What is agrarianism? Use given material. Your thoughts on agrarianism.
Berry indicates that the competition between industrialism and agrarianism is currently the definition not only of the most basic difference in humanity as it concerns the division of two almost contradictory perceptions of agriculture and the use of land as but also of two almost contradictory techniques through which humans understand themselves and other creatures. Technological advancements are responsible for industrialism. On the other hand, agrarianism starts with what is already on the planet: land, plants, creatures, the climate, starvation, and an understanding of the concept of agriculture. Industrialists are willing to overlook, put up for sale, or destroy the past in an attempted to earn higher profits and in the process become more comfortable and happy in the years to come. Agrarians, however, appreciate the fact that their identity is determined by their ability to receive thankfully and pass down the inheritance in a way that is both intact and response. They understand the need to take good care of the things that occur naturally and those they are not able to make.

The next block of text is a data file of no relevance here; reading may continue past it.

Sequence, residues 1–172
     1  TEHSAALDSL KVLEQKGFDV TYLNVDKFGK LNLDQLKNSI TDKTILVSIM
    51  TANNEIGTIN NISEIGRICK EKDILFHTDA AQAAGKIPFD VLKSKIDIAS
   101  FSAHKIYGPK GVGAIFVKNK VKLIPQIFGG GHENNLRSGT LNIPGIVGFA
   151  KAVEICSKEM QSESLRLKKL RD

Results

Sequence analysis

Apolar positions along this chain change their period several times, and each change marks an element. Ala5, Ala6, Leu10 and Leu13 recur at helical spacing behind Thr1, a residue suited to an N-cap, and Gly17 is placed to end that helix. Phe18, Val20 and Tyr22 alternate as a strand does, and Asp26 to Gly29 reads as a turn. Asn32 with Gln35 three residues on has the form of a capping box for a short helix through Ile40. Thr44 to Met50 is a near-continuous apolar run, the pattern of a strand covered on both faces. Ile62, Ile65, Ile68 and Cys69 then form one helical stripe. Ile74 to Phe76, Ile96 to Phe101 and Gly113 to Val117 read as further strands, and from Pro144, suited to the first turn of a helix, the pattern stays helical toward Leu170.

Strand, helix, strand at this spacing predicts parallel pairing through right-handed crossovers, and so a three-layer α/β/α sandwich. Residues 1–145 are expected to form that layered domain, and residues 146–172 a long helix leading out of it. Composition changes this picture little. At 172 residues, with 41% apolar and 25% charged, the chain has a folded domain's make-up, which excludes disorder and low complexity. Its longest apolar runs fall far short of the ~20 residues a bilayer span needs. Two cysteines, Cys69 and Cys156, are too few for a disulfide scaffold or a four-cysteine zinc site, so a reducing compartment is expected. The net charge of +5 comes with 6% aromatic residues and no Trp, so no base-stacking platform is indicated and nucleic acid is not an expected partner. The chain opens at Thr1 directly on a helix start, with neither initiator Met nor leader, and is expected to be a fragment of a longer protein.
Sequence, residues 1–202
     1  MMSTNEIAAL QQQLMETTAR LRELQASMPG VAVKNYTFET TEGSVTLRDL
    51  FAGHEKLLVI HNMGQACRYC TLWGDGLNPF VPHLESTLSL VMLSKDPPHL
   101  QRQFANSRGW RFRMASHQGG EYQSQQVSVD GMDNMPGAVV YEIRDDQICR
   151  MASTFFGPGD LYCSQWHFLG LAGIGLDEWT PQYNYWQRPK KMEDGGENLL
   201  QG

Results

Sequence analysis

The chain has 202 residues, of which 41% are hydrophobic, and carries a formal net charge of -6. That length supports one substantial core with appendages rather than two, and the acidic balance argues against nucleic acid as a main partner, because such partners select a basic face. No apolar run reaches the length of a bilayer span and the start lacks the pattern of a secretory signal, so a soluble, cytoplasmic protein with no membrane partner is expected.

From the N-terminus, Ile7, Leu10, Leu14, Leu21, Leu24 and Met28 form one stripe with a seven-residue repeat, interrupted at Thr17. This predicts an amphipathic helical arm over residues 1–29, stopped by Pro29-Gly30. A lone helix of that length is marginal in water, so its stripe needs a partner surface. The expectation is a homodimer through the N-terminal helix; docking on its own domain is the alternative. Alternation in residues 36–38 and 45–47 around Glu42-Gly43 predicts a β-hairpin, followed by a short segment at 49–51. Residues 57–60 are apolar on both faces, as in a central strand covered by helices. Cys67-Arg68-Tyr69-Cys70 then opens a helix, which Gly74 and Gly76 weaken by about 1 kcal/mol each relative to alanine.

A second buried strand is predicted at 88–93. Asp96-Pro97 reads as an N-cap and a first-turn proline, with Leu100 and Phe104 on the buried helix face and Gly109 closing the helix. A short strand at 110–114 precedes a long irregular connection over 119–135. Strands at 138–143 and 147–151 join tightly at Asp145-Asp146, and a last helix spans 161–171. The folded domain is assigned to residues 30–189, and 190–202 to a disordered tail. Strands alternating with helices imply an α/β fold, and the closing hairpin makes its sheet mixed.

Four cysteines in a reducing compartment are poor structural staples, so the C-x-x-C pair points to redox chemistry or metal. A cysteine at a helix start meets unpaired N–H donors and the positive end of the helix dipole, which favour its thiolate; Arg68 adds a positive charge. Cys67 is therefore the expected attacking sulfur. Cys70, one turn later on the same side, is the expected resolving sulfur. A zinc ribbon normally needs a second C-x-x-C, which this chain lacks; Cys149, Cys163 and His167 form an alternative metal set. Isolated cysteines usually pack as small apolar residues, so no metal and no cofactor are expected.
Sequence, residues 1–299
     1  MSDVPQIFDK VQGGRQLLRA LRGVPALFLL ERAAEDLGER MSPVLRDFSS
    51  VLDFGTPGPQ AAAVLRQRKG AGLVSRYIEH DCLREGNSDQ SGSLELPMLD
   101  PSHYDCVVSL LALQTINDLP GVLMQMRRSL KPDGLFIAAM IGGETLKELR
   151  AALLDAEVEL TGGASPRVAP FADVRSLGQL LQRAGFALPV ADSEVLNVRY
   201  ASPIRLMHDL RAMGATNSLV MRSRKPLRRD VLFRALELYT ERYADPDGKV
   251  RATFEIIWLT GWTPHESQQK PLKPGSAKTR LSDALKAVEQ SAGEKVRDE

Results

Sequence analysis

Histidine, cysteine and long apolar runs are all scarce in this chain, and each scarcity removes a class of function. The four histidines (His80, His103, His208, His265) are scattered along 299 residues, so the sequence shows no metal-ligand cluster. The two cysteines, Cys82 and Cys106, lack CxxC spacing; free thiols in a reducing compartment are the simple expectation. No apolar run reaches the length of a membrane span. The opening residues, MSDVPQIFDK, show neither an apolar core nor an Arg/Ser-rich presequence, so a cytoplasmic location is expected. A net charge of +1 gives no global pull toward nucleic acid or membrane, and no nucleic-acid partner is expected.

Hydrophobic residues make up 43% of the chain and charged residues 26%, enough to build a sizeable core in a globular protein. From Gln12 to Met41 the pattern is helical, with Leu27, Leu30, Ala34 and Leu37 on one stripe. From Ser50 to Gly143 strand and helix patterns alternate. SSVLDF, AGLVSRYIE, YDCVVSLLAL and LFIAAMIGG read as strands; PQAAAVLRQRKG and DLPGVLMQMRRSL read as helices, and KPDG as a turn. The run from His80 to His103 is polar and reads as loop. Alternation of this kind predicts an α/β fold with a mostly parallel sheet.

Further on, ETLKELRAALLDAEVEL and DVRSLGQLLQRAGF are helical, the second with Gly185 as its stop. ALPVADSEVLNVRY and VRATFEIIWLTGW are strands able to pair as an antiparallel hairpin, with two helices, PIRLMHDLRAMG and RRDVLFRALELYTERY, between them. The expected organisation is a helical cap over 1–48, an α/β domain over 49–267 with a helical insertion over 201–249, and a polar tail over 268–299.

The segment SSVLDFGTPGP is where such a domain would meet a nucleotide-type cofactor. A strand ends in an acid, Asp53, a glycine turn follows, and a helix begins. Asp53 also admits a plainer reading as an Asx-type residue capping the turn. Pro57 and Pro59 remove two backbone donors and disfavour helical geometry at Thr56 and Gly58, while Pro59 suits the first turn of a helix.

Through the effectiveness of standard means such as folk tradition, agrarians have managed to pass down an agrarian theme from the ancient times to the current period. Such individuals, according to Berry, can be learnt about in books. They are neither in possession or need of massive areas of land, and the amount of land under their occupation is normally small. They are involved in subsistence farming, a practice that a majority of agricultural economists and other educated individuals look down on with the coming of the industrial age and they are always associating thriftiness with abundance (Berry, 2015).